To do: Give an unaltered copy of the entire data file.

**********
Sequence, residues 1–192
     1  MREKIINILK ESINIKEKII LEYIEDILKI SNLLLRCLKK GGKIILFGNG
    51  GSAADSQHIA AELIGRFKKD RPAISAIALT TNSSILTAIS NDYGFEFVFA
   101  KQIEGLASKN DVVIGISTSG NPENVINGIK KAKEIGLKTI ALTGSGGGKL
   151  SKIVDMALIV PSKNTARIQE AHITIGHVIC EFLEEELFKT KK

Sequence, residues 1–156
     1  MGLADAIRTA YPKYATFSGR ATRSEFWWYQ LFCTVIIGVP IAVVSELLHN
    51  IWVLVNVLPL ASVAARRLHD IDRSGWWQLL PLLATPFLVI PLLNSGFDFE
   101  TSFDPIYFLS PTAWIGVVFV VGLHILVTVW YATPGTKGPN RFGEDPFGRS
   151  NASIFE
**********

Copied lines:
Sequence, residues 1–192
     1  MREKIINILK ESINIKEKII LEYIEDILKI SNLLLRCLKK GGKIILFGNG
    51  GSAADSQHIA AELIGRFKKD RPAISAIALT TNSSILTAIS NDYGFEFVFA
   101  KQIEGLASKN DVVIGISTSG NPENVINGIK KAKEIGLKTI ALTGSGGGKL
   151  SKIVDMALIV PSKNTARIQE AHITIGHVIC EFLEEELFKT KK

Sequence, residues 1–156
     1  MGLADAIRTA YPKYATFSGR ATRSEFWWYQ LFCTVIIGVP IAVVSELLHN
    51  IWVLVNVLPL ASVAARRLHD IDRSGWWQLL PLLATPFLVI PLLNSGFDFE
   101  TSFDPIYFLS PTAWIGVVFV VGLHILVTVW YATPGTKGPN RFGEDPFGRS
   151  NASIFE